Repairing the Luzerne County-owned River Common fishing pier wall will cost more than anticipated because additional damage has been discovered, the administration told county council last week.
Panzitta Enterprises had submitted the low bid of $56,750 to fix and install several large wall blocks known as “cut stones” damaged by this year’s ice jam on the Susquehanna River.
The stones fell over because the footing supporting them deteriorated, officials said. New anchoring is needed, along with a crane to move the heavy stones.
After seeking the bids, the administration discovered a cut stone in a different section of the wall had separated from the sidewalk about 2 or 3 inches, and another nearby stone also has “started to pull away,” said county Operational Services Division Head Edmund O’Neill.
The additional work and a subsequent requirement for the contractor to secure performance and maintenance bonds not in the original plan have increased the project to approximately $89,000, said O’Neill.
The expense will be covered by the county’s natural-gas recreation funding, diminishing the amount available for outside grants and other discretionary uses to about $47,000.
Councilman Harry Haas asked why the entire pier wall was not surveyed before bids were sought.
O’Neill said the newly discovered wall separation was hidden by grouting.
“It’s very difficult to notice. It’s not really obvious,” O’Neill told council.
Insurance will not cover the damage, officials have said.
Haas asked if the county can add insurance coverage so future River Common repairs don’t become a “perpetual expenditure.”
The councilman said he and many others feared it would “fall on the county” to fund maintenance when the River Common recreational enhancements were added.
Unveiled in 2009, the revamped $23 million park also included two levee portal openings, a new amphitheater and extensive landscaping designed to draw visitors to the water’s edge and make the river an asset.
The administration is investigating insurance options.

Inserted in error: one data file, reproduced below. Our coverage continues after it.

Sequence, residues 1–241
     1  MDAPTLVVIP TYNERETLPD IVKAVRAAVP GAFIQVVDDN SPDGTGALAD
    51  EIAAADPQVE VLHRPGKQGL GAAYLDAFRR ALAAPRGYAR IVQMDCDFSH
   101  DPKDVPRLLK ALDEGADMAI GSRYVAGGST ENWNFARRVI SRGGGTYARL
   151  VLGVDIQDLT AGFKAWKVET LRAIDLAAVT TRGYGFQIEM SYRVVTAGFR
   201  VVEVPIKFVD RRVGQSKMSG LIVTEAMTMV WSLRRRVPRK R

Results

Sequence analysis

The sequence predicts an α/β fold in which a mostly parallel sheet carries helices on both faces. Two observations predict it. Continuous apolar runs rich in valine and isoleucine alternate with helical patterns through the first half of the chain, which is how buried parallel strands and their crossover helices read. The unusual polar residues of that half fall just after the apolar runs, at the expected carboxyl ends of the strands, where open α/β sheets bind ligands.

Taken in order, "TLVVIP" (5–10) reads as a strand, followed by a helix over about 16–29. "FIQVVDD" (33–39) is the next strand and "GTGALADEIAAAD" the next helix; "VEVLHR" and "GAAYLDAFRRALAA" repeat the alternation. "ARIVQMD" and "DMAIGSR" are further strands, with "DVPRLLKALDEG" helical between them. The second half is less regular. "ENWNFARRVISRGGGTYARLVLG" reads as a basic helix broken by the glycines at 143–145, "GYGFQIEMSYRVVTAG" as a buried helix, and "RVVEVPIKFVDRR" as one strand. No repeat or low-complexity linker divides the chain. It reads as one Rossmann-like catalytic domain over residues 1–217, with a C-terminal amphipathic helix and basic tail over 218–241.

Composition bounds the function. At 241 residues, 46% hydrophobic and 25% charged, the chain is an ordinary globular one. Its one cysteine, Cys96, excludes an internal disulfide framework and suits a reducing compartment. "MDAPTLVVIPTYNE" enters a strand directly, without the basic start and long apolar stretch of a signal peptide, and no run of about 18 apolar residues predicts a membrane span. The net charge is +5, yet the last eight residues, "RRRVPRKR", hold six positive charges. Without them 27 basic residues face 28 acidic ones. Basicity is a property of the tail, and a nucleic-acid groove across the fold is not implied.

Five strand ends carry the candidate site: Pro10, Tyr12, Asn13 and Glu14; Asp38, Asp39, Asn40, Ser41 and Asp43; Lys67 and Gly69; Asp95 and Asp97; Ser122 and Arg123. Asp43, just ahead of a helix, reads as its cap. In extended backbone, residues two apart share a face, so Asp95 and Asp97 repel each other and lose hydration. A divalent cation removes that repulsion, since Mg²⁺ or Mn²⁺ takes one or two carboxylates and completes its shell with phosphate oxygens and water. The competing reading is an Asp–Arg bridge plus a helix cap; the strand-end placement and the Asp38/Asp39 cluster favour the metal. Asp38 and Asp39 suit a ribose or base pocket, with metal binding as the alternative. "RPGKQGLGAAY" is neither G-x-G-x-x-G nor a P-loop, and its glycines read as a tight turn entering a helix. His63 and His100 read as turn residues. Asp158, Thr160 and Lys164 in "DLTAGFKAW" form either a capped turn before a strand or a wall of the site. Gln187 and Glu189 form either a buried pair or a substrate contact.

“We are reaching out to the insurance company to see if that’s something they will even put under the policy, and that’s questionable. Obviously, you can insure anything for the right amount of money,” O’Neill said.
Haas said he understands and doesn’t “want to throw good money after bad.”
The county has received $228,623 to $307,629 in funding from natural-gas drilling annually since the state authorized such earmarks under Act 13 in 2012. The funding has been largely spent on River Common maintenance, black fly spraying and recreation grants to outside entities, reports show.
In addition to the awarding of more outside grants, officials mentioned several options for the leftover natural-gas funding in July, when they expected a more ample $60,000 would be remaining. These possibilities included low-maintenance plants and mulch to spruce up empty beds at the River Common, gypsy-moth spraying assistance for municipalities, and a docking station for river boaters who want to access the fishing pier.
County Budget/Finance Division Head Brian Swetz said council has authority to spend all remaining funds. However, he asked council to consider keeping most or all of the money intact, saying the general fund operating budget will be on the hook if any unforeseen county-related recreation expenses arise.
The next natural-gas allocation won’t arrive until July 2019.
Reach Jennifer Learn-Andes at 570-991-6388 or on Twitter @TLJenLearnAndes.